Little Brown Caddis:
.............................Fly Fishing Yellowstone National Park

Little Brown Caddis (Lepidostoma pluviale) - Larva, Pupa, and Adult

The Little Brown Caddis or Little Brown Sedge, whichever name you prefer, larva is a
cased larva that is circular in shape and usually made of sand. It is the most plentiful
species of the large
Lepidostoma genus in the Western United States.
Although I am fairly sure the trout eat the cased larvae, I have not tried an imitation of

The pupae emerge out in the stream as opposed to crawling out of the water. They are
reported to emerge in the surface skim.
We have taken trout using imitations of the pupae. The ones we have found in the
Yellowstone River where they are fairly plentiful, are a hook size 18. We have also
found the LIttle Brown Caddis in the Firehole and Madison Rivers. They are probably
found in several other similar type streams in the park.
We fished the pupa imitation down and across allowing the fly to swing to the surface.  
Most of our fishing has been done in the smoother flowing water. Our best results has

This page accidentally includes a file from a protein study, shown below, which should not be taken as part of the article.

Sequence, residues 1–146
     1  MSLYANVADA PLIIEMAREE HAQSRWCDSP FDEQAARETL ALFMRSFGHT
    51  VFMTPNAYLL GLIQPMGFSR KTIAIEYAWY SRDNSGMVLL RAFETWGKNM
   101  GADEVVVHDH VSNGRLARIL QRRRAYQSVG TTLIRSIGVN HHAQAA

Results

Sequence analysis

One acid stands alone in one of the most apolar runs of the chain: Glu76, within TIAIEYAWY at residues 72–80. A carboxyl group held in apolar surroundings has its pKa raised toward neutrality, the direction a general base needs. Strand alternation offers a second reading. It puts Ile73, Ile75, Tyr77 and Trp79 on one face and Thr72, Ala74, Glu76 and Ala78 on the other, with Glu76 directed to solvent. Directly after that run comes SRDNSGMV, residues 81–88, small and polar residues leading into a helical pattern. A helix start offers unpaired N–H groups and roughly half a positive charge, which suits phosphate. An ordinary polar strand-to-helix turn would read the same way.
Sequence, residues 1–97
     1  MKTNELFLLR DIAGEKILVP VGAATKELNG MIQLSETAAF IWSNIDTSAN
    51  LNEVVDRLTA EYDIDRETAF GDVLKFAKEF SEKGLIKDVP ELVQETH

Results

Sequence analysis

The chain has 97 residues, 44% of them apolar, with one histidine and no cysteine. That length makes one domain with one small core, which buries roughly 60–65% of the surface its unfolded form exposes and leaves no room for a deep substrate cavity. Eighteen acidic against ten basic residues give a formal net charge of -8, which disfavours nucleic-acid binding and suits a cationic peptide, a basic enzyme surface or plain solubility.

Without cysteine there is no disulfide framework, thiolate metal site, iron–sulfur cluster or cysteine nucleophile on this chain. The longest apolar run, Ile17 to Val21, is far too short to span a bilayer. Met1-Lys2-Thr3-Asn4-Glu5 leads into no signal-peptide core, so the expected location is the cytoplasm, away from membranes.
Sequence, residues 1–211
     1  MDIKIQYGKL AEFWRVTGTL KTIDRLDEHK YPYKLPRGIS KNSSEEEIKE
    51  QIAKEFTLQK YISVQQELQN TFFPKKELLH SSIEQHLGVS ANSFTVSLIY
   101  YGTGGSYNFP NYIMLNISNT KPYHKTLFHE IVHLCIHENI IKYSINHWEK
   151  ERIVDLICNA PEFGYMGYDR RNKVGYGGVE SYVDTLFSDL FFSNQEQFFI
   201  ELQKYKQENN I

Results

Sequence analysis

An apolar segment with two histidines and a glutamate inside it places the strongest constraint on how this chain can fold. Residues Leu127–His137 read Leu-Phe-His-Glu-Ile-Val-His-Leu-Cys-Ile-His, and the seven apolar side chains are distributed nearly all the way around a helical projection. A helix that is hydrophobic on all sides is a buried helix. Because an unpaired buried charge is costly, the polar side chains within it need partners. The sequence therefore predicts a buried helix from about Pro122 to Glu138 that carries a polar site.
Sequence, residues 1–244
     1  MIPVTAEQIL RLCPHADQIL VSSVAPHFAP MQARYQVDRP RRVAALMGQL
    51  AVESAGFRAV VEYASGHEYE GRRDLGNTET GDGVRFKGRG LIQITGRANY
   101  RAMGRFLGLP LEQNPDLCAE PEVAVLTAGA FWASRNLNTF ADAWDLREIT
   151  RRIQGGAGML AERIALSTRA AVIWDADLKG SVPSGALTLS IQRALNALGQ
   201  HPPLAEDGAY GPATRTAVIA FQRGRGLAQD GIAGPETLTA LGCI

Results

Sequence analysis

come just prior to dark.

The eggs laying females deposit their eggs on the surface of the water and actually
ride the surface for a few seconds. Dry fly imitations of them work very well. In the
smooth water where they are usually found, we prefer to use a down and across
presentation to individual rising fish. We fish the dry adult imitation late in the day up
until dark.
There are usually a lot of other caddisflies on the water at the same time the Little
Browns appear. If these caddisflies are plentiful, be sure to try an imitation of the pupa
and adults, even though the Spotted Sedges and other species may also be present.

Coming Up Next:
Little Brown Caddis (Lepidostoma pluviale)- Fly Pattern Colors

Copyright 2008 James Marsh